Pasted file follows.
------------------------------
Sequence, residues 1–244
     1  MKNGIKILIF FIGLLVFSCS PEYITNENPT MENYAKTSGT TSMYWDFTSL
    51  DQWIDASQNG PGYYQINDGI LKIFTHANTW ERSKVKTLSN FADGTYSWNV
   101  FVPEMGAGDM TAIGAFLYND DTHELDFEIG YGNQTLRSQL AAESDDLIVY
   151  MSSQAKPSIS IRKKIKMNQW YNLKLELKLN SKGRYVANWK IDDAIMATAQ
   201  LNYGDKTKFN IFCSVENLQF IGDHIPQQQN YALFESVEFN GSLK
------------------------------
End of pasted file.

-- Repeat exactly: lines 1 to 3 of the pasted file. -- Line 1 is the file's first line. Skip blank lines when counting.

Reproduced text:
Sequence, residues 1–244
     1  MKNGIKILIF FIGLLVFSCS PEYITNENPT MENYAKTSGT TSMYWDFTSL
    51  DQWIDASQNG PGYYQINDGI LKIFTHANTW ERSKVKTLSN FADGTYSWNV